By Erin Howe
James Till, professor emeritus in the department of medical biophysics, is the inaugural recipient of the Edogawa-Niche Prize.
The international award recognizes a physician or scientist based on their contributions to interdisciplinary research leading to health-care solutions in disease prevention, diagnosis or treatment.
Till will be officially honoured in Tokyo, Japan this weekend at the 2018 Nichi-In Centre for Regenerative Medicine (NCRM) NICHE International Stem Cells and Regenerative Medicine meeting.
Till and his collaborator, Professor Emeritus Ernest McCulloch, were first to find evidence of clone cells, which at the time they referred to as ‘lumps,’ in the spleens of mice. They published their findings in Radiation Research in 1961. In 1963, the pair followed up with publications in Nature and the Journal of Cellular and Comparative Physiology, which established that the lumps were in fact multilineage stem cells capable of self-renewal and becoming specialized cells.
Born in Lloydminster, Sask., Till received a bachelor’s degree at the University of Saskatchewan, where he also completed a master’s degree in physics in 1954. After finishing his PhD in biophysics at Yale University in 1957, Till was recruited to the Ontario Cancer Institute at Princess Margaret Hospital as a U of T postdoctoral researcher, where he began working with McCulloch.
“Arthur Ham, who was head of the biological division at the Ontario Cancer Institute where Ernest and I were research recruits, encouraged us to get to know each other. Ernest made a great presentation to the group, which prompted me to volunteer to help him when he wanted to use our irradiation facility. That’s how the inspiration for our work began,” recalled Till, who would collaborate with McCulloch for more than 20 years.
Till and McCulloch’s work has had applications in the field of bone marrow transplantation, cancer treatment and the treatment of autoimmune disease and tolerance induction. He also helped blaze a trail for other groundbreaking scientists.
“Perhaps the greatest testimony to Dr. Till has been the training of other exceptional scientists. Including Professors Norman Iscove, Robert Phillips and Ron Worton to name a few,” said Gary Levy, a professor in the departments of medicine, immunology, laboratory medicine and pathobiology. “As well, Toronto continues to be a great world stem cell centre.”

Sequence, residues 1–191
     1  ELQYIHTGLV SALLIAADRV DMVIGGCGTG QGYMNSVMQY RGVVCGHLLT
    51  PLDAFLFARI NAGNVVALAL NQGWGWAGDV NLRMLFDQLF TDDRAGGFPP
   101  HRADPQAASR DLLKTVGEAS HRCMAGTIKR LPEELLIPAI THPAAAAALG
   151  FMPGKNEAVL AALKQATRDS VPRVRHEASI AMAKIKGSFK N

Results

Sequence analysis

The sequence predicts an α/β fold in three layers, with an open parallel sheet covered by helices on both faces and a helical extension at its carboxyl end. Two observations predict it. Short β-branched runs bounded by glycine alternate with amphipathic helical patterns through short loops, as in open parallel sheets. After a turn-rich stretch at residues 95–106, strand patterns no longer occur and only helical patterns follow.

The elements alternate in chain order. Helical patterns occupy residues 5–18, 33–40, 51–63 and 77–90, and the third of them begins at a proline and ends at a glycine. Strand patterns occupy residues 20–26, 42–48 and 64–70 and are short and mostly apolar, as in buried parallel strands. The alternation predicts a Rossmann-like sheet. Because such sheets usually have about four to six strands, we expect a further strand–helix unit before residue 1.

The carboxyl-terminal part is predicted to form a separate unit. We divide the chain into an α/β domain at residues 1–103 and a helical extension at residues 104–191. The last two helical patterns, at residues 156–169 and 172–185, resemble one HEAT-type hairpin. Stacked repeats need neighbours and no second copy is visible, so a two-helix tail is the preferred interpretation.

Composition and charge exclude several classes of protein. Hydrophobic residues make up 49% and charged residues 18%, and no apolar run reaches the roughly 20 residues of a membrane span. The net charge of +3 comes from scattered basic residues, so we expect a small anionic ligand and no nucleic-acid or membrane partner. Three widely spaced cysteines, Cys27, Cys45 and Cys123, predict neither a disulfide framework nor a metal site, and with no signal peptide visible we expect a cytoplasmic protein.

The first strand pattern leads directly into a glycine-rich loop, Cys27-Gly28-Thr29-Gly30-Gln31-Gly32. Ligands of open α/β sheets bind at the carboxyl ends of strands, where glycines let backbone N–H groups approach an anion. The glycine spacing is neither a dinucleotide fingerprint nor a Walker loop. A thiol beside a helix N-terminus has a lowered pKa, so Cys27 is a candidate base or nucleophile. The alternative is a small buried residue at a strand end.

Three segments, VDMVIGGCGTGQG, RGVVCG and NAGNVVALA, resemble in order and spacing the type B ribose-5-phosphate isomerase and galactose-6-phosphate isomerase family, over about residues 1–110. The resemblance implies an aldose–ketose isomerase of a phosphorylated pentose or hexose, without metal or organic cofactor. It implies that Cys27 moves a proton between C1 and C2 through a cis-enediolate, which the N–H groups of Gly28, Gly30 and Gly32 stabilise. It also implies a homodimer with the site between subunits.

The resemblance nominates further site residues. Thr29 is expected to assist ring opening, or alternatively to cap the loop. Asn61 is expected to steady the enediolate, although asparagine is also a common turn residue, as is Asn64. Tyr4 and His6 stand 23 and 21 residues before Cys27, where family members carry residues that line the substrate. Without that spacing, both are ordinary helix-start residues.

Levy, who is also the founding director of University of Toronto Transplant Institute and the CIHR Training Program in Regenerative Medicine, presented Till with a medal and plaque in Toronto last month. The award presentation will be videocast at the NCRM NICHE event on Sunday.
Upon receiving the award, Till dedicated the honour to his collaborator, McCulloch, who passed away in 2011.
“Ernest’s contributions to our team made our work possible. Without him, it wouldn’t have happened,” said Till.
The prize is awarded by the NCRM, which is devoted to research, training and clinical applications-protocol development in regenerative medicine with a special emphasis on stem, progenitor and autologous adult cells with regenerative capability. The institute provides a platform for collaboration between scientists across various specialties.
NCRM is an Indo-Japanese joint venture institute affiliated with Tamilnadu Dr. MGR Medical University and Acharya Nagarjuna University. In 2009, the institute entered a formal agreement for training students with the CIHR Training Program in Regenerative Medicine at U of T.
Till’s plaque and medal will be displayed at the Edogawa-Niche Hall of Fame, which is set to open in Tokyo next year.
Till was also awarded one million Japanese yen (approximately $11,800), which he donated back to NCRM NICHE to establish the Joyce and James Till Travel Grant, which will support travel and other associated necessities for young scholars from developing countries to take part in future NCRM NICHE events.
Till’s Edogawa-Niche prize is the most recent in a string of honours and appointments including:
- Gairdner Foundation International Award, 1969
- Officer, Order of Canada in 1994
- Order of Ontario in 2006
- Royal Society of London in 2000
- Canadian Medical Hall of Fame in 2004
- Albert Lasker Award for Basic Medical Research in 2005